Saturday's Iowa tornado outbreak on Saturday, March 5 claimed the lives of seven people. However, tornado warnings issued by the National Weather Service on Saturday didn't get to residents nearly as quickly as they normally do.

According to the Washington Post, even though the National Weather Service was issuing warnings, there was a delay in the warnings getting to people in the state.

Daryl Herzmann, a systems analyst at Iowa State University, told the Washington Post, "The local offices were issuing the products in a timely fashion, but a dissemination delay affecting all [Weather Services] offices nationwide caused the products to be transmitted a number of minutes later."

Monday morning, Herzmann tweeted about the delay in warnings being issued on Saturday. As you can see, the largest delays occurred in the 4 p.m. hour. The town of Winterset, Iowa in Madison County was struck by a tornado at approximately 4:30 p.m.

37-year-old Mike Bolger and two of his children, 5-year-old Kinlee Bolger, and 2-year-old Owen Bolger, all of Blue Springs, Missouri were killed when the Winterset tornado hit the home of Bolger's in-laws. Bolger's mother-in-law, 63-year-old Melissa Bazley, was also killed. Bazley's daughter Kuri, Mike Bolger's husband, suffered serious injuries and his hospitalized. Mike and Kuri's other son, Brysen, has been released from the hospital. Bazley's husband and son survived the storm.

Two other people in Winterset were also killed. Both Rodney Clark, 64, and Cecilia Lloyd, 72, lost their lives when the tornado hit their homes.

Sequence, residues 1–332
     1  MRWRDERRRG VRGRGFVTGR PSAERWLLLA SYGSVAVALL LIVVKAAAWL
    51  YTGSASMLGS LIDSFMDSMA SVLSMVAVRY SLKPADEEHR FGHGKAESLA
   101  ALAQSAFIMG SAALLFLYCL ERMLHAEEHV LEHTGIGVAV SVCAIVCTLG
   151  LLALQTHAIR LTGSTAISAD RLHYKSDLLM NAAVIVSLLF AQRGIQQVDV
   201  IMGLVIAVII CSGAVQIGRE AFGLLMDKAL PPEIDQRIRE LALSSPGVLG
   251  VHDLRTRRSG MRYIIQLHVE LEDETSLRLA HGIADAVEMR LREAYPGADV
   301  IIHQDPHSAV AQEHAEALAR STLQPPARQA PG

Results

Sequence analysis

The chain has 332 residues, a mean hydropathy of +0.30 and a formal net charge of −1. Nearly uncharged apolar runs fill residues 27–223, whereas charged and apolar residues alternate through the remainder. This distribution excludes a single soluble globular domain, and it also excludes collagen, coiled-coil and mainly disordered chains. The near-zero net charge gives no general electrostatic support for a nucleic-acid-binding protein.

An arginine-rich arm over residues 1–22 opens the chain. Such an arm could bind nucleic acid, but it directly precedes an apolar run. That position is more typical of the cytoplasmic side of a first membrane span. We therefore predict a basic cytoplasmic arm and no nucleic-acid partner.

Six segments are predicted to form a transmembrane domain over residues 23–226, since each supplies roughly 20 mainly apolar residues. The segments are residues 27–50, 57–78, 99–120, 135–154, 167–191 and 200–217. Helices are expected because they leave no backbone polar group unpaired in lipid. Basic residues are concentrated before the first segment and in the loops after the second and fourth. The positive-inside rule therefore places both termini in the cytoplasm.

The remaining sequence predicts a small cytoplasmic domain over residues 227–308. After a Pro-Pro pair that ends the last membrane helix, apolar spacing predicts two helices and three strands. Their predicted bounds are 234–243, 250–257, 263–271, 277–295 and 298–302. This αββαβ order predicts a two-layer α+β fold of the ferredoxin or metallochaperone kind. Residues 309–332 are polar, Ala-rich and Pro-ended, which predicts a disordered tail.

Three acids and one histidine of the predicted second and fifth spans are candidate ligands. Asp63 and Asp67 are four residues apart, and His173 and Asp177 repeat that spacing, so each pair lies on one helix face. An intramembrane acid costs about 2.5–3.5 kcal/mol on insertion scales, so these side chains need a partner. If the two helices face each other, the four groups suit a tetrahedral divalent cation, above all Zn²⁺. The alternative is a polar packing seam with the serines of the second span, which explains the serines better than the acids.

The National Weather Service in Des Moines announced at around noon on Monday that the tornado that hit Winterset on Saturday was an EF-4, with estimated peak winds of 170 mph.  The first EF-4 tornado in Iowa since October 4, 2013, it was on the ground for 69.5 miles and reached a maximum width of eight football fields (800 yards). Since 1980, only one tornado has been on the ground longer... a tornado in southern Iowa on June 7, 1984, was on the ground for 117 miles.

The National Weather Service's Director of Public Affairs, Susan Buchanan, told the Washington Post that system engineers began work on the problem just as soon as they were aware of it. She also said that, despite the delays, average lead times were still about 20 minutes during the storm outbreak.

According to the Washington Post, "Significant technical issues within the Weather Service information dissemination date back to at least 2013." They have to put these problems behind them. Lives are at stake, and not just in Iowa.

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